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Should agencies increase salaries?

Is it time to finally stop talking about the recession? People working in the creative sector have suffered years of pay freezes, increased workloads and low confidence about job prospects.

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The feeling is that the outlook for 2014 may be brighter.

The latest IPA Bellwether Report showed the fifth successive quarter of growth, with a net balance of 11 per cent of companies increasing their advertising budgets during the last three months of 2013. This suggests businesses’ concerns about the economy are starting to subside. The recruitment company Reed believes this renewed confidence may shift power back to employees, as greater job security and opportunities encourage workers to consider their next career move.

In a poll of 2,500 employers and employees, Reed found that 89 per cent of marketers and creatives felt secure in their roles and that 42 per cent of employers are worried about losing talented individuals. It also discovered that two-thirds of employees in the marketing and creative sectors have not received a pay rise in the past 12 months. So, should agencies look to retain staff by offering higher pay this year?

Tell us what you think in our poll below: do you expect a salary rise this year?


Agency head

Kate Waters, partner, Now

"My rule of thumb is to apply a simple principle to pay-related questions: that people should get fairly rewarded for the job they do. So, as employers, I think that means we should do what we can to look after our people and help them keep up with the cost of living – after all, no-one wants to work for an employer that inadvertently makes you poorer. But, the other implication is that any further rise should be based on merit. That way, people know when they are valued and are doing well, they can be confident that they are being paid at a rate the market thinks is fair, and the stars who add real value to a business will be less likely to feel the urge to explore pastures new."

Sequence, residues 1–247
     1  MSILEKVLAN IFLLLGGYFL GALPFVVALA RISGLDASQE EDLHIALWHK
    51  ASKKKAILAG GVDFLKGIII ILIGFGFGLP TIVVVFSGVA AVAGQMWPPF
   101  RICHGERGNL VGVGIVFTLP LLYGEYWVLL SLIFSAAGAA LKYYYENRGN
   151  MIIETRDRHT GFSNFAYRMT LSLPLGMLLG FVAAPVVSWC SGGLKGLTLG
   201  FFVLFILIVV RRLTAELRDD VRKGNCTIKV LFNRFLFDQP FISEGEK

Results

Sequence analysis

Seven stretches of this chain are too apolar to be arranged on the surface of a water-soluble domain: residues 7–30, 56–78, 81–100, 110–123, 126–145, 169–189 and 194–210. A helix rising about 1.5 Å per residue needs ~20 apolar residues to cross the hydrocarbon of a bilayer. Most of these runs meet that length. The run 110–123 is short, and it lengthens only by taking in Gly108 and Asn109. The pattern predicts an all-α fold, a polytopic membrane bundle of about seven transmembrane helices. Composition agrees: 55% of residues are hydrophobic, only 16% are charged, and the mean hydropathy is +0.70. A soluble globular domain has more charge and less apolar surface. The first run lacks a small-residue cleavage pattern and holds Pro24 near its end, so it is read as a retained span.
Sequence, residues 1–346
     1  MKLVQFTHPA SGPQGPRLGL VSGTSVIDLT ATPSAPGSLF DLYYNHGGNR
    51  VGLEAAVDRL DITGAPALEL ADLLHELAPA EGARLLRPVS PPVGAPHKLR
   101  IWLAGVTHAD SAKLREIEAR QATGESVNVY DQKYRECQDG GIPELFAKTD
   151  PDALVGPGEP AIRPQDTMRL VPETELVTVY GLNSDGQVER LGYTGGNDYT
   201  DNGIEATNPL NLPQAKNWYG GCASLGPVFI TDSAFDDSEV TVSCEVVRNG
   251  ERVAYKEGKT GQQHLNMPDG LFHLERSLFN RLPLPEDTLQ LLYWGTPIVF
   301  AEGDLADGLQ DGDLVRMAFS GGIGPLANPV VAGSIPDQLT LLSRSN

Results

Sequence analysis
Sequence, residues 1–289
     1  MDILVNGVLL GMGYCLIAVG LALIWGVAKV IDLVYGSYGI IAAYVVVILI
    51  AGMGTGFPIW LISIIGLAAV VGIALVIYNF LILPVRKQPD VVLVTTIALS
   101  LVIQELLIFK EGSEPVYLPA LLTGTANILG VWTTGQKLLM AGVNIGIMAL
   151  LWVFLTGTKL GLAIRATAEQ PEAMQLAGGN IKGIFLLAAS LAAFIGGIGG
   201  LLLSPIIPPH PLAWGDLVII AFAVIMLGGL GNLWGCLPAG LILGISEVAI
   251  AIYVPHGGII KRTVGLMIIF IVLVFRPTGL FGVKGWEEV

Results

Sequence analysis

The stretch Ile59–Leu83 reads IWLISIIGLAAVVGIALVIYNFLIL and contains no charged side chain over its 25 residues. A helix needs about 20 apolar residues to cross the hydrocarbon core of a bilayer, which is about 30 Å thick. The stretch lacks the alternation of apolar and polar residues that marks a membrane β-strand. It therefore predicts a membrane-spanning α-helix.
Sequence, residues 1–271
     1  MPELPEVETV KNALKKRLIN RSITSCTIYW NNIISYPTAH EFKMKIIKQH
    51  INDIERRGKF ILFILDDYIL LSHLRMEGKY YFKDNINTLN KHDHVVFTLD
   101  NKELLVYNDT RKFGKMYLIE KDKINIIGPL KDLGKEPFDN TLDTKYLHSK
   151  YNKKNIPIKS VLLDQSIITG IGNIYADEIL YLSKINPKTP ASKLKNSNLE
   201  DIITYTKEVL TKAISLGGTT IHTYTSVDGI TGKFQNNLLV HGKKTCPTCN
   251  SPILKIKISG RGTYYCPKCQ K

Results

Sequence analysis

Creative head

Peter Souter, chairman and chief creative officer, TBWA

"What we do for a living is pretty special. How many other people get paid for coming up with cool and crazy and sticky ideas? What other industry can see you in New York one day and Shanghai the next? These may well be cast off as aspirational and some do go a whole career without experiencing them, but they are a juicy carrot. We just need to make sure that our staff know that this stuff can happen to them. Of course, we know that money really does matter and incentives can only go so far. Meritocratic pay rises should happen, but we must never forget the power of opportunities – they’re cheaper than a wage increase but can be worth so much more."


Agency head

Jonathan Trimble, chief executive, 18 Feet & Rising

"The big challenge every agency will face is getting hold of the best talent as the economic recovery kicks in. The expected revenue per head has crept up to £120,000 from £100,000, while staff costs have declined from 60 per cent to 50 per cent. You can’t keep squeezing that. It is important to reward staff for good work, but money is not the way to motivate them. People tend to ask for more money if they are feeling unfulfilled. Everyone should have a tailored development plan to help them reach their potential. Agencies also need to prune the people who have got stuck. Agencies often overpay people who should move on."


Recruitment specialist

Simon Shroot, managing director, Sylex

"Yes, agencies should increase pay levels. Overall, basic salaries in the media sector are the same as they were 15 years ago. The power is definitely in the hands of employees. There are more jobs, higher levels
of confidence and a smaller talent pool. During the recession, the industry hired fewer graduates. Those who were hired now have experience and take their pick of the best jobs. Agencies should have open conversations with their employees and make sure their pay is in line with the market. Salary isn’t everything, but it is one of people’s priorities at the moment as the cost of living increases."

This article was first published on campaignlive.co.uk

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